1. “Bah Poulo”: Salif says: “I find beauty in the true story of a Fula woman, who because of me, learnt to speak the Maninka language. I sing for her in Maninka language.”

Salif dit: “Je chante la belle histoire authentique d’une femme peule qui a appris à parler le Maninka, à cause de moi. Je chante pour elle en maninka.”

  1. “Tiranké”: The mother of mothers” is the story of a woman who brought many children into this world but died before they could grow up. Her children, who have now become successful, asked Salif to sing about her.

“La maman des mamans” est l’histoire d’une femme qui a mis au monde beaucoup d’enfants mais qui est morte sans les voir grandir. Ayant prospéré dans la vie, ses enfants ont demandé à Salif de lui dédier une chanson.

  1. “Lerou Lerou”: a song evoking Salif Keïta’s long musical journey and an expression of deep gratitude for those who helped him along the way.

Une chanson qui évoque son long parcours musical et exprime sa profonde gratitude envers ceux qui l’ont soutenu des années durant.

  1. “Gnamale”: This is a traditional hunters’ saying: “A boa snake swallowing a porcupine, Oh, what a calamity!” As the son of a master hunter, Salif is paying tribute to the Mande hunters lore. In this song, he is joined by the iconic Ladysmith Black Mambazo, uttering Zulu chants as he sings the names of several Malian master hunters, while reminding us of the magic power or nyama infused in spoken words.

Ceci est un adage des chasseurs: “Le boa qui avale un porc-épic, oh, quelle calamité!” En tant que fils d’un maître-chasseur, Salif Keïta fait un clin d’oeil au folklore des chasseurs mandingues. Le groupe légendaire Ladysmith Black Mambazo entonne des incantations zouloues pendant que Salif chante les noms de grands chasseurs maliens tout en évoquant la magie ou nyama de la parole.

  1. “Mansa Fo la”: Reggae song in praise to Almighty God for His blessings, along with a warning to the religious leaders who misuse His name. It is a warning to the latter that God is watching them. Salif is joined by the very popular Ivorian reggaeman, Alpha Blondy.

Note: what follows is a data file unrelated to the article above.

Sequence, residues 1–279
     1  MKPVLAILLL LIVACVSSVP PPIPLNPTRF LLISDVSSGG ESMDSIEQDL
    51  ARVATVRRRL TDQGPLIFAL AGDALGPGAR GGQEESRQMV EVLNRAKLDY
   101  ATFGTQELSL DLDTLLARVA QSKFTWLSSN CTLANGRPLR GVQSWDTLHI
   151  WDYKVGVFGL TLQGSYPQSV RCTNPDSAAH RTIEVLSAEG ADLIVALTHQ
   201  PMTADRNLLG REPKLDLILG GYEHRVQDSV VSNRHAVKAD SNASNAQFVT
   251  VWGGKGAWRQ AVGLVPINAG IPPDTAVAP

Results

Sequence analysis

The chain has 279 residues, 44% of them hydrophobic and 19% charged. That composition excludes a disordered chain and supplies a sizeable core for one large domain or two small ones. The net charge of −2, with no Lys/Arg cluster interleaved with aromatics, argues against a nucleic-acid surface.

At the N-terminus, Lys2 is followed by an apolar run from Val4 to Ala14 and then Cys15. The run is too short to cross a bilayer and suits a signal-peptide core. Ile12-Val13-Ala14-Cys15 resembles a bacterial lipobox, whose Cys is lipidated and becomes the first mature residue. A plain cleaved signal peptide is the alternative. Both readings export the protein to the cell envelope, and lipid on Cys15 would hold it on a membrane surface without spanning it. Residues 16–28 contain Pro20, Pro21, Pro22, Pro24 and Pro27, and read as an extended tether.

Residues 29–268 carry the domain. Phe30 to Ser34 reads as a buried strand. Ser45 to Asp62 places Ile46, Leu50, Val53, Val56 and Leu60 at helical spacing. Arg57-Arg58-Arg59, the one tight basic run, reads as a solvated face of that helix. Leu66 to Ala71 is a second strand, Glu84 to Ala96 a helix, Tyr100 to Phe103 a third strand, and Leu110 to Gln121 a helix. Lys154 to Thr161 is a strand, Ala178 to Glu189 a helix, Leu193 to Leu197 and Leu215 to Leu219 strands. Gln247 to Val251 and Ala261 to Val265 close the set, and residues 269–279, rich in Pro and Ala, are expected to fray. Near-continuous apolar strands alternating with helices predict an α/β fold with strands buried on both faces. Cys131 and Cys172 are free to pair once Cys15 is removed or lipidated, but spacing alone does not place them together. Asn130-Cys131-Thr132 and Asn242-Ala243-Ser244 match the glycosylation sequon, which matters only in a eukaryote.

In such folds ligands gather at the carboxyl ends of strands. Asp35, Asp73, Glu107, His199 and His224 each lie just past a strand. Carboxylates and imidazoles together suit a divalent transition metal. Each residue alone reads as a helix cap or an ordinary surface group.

Chanson reggae louant le Tout-Puissant Créateur pour ses multiples bienfaits, de même qu’un avertissement aux chefs religieux qui abusent de son nom. Gare à eux, dit-il, car Dieu les voit! Salif collabore ici avec le célèbre reggaeman ivoirien, Alpha Blondy.

Produced by Salif Keita

Recorded at Studio Moffou Bamako, engineered by Abou Cisse

Vocal, brass and keyboard overdubs recorded at Bois et Charbon, Vitry-sur-Seine in June / July 2017, engineered by Philippe Brun.

Keyboard overdubs performed and recorded by Jean-Philippe Rykiel July 2017

Vocal overdubs and Yemi Alade session recorded at Studio Ferber July 2018, engineered by Jean Lamoot

Final Mix at Studio Ferber, Paris July 2018, by Jean Lamoot and Salif Keita, assisted by Abou Cisse

 

All songs composed by Salif Keita, published by Mande Mansa Editions adm. 22D Music, except:

Itarafo composed by Salif Keita, Angelique Kidjo and MHD, published by Mande Mansa Editions adm. 22D Music, Edition Aye, Artside Publishing, Warner Chappell Music France, Nenso Publishing

 

Personnel:

Salif Keita: Lead vocals and Acoustic Guitar (all tracks except 10)

Aminata Dante: Backing vocals (1, 2, 3, 4, 5, 6, 8 and 9)

Bah Kouyate: Backing vocals (1, 2, 3, 4, 5, 6, 8 and 9)

Paco Sery: Drums (1, 2, 3, 4, 5, 6, and 8)

Alune Wade: Bass (1, 2, 3, 4, 5, 6, and 8)

Djessou Mory Kante: Lead & Rhythm Guitar (1, 2, 3, 4, 5, 6, and 8)

Herve Samb: Lead & Rhythm Guitar (1, 2, 3, 4, 5, 6, and 8)

Molobaly Kone: Percussion (1, 2, 3, 4, 5, 6, and 8)

Mamadou Diabate: Kora (1, 3, 5, 6 and 8)

Harouna Samake: Kamale N’Goni: (1, 2, 3, 4, 6, and 8)

Cheick Tidiane Seck: Keyboards (2, 3, and 5)